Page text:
Senate Majority Leader Harry ReidHarry Mason ReidHarry Reid calls on Democrats to plow forward on immigration Democrats brace for tough election year in Nevada The Memo: Biden's horizon is clouded by doubt MORE (D-Nev.) announced a deal with Republicans on Wednesday that paves the way for a final vote on a bill to fund federal transportation projects through next spring.
The deal will allow votes on an alternative bill offered by Sens. Barbara BoxerBarbara Levy BoxerFirst senator formally endorses Bass in LA mayoral bid Bass receives endorsement from EMILY's List Bass gets mayoral endorsement from former California senator MORE (D-Calif.), Tom CarperThomas (Tom) Richard CarperDemocrats say they have path to deal on climate provisions in spending bill Democratic senator: Methane fee could be 'in jeopardy' Climate activists confront Manchin outside of Capitol MORE (D-Del.) and Bob CorkerRobert (Bob) Phillips CorkerCheney set to be face of anti-Trump GOP How leaving Afghanistan cancels our post-9/11 use of force The unflappable Liz Cheney: Why Trump Republicans have struggled to crush her MORE (R-Tenn.) that would fund the federal Highway Trust Fund only until Dec. 31.
It also sets up a vote on amendments offered by Sens. Mike LeeMichael (Mike) Shumway LeeTikTok, Snapchat seek to distance themselves from Facebook Cawthorn, Lee introduce bills banning interstate travel vaccine mandate Retreating economy creates new hurdle for Democrats in 2022 MORE (R-Utah) and Pat Toomey (R-Pa.).
A final vote on the underlying House bill, which is backed by the White House, could come Thursday.
The House bill would provide $10.9 billion to fund projects. It would use a number of offsets to pay for the costs of the bill. Without action by Congress, the fund would have gone bankrupt next month, ending funding for projects.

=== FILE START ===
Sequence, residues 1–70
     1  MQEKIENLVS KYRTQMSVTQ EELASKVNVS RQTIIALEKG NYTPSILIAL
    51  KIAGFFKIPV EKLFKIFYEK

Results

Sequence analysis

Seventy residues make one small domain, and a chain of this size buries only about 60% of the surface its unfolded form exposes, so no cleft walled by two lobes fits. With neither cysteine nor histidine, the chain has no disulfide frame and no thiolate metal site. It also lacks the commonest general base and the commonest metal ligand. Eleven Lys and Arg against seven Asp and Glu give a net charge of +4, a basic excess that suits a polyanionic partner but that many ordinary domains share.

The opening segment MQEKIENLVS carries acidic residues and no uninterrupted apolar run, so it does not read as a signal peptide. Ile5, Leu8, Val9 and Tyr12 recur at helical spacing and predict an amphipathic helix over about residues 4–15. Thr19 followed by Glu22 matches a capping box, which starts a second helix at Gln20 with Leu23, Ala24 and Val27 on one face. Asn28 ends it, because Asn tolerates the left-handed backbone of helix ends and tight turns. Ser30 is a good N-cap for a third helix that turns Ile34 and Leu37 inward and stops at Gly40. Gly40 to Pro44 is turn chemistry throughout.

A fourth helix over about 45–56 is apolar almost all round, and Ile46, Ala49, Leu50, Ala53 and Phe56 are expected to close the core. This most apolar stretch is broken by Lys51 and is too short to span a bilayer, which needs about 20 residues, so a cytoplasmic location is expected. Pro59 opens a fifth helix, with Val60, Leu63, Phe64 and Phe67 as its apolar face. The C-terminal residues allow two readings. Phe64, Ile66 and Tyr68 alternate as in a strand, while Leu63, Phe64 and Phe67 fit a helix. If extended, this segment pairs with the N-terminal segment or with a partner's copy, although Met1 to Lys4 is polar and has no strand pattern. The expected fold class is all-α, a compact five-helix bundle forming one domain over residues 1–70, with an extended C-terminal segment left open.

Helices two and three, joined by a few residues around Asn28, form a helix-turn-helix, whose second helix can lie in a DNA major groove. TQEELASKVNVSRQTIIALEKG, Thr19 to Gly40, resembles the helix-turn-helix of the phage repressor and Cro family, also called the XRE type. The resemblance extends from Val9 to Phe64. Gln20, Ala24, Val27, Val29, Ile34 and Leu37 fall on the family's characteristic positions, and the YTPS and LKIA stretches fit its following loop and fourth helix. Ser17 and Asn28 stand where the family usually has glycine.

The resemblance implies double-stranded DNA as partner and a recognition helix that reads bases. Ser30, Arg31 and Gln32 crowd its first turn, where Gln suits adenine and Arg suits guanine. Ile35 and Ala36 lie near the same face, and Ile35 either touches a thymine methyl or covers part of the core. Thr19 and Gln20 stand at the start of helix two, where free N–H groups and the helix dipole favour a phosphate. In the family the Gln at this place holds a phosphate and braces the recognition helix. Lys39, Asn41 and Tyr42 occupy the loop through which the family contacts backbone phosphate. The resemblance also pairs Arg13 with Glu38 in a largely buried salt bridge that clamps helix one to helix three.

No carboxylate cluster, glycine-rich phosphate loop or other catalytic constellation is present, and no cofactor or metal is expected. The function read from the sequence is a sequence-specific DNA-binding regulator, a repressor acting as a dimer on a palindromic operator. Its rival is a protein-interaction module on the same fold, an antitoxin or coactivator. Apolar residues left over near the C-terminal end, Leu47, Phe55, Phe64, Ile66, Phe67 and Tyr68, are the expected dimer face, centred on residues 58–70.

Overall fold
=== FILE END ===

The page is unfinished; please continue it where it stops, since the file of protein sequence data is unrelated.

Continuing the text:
“Allowing the Highway Trust Fund to run dry would slam the breaks on critical infrastructure projects across the land,” Senate Finance Committee Chairman Ron WydenRonald (Ron) Lee WydenOvernight On The Money — Senate Democrats lay out their tax plans Senate Democrats propose corporate minimum tax for spending package Elon Musk rips Democrats' billionaire tax plan MORE (D-Ore.) said. “It is nonnegotiable that Congress is going to prevent that from happening.”
The trust fund gets its money from the 18.4 cents per gallon gas tax, which has struggled to keep up with the need for infrastructure spending projects as cars grow more fuel-efficient.
Most of the costs of the House bill are offset through "pension smoothing," which some senators in both parties have derided as a budget gimmick. Those senators want to only extend funding until December so that Congress is under pressure to work on a long-term highway bill after the midterm elections.
“Many claim that budget gimmicks should not be used as offsets to pay for spending.” Corker said. “I have long been against the disgraceful practice of spending money today and paying for it in the future. It’s shameful, it’s irresponsible, and it’s generational theft.”
— Keith Laing contributed to this article.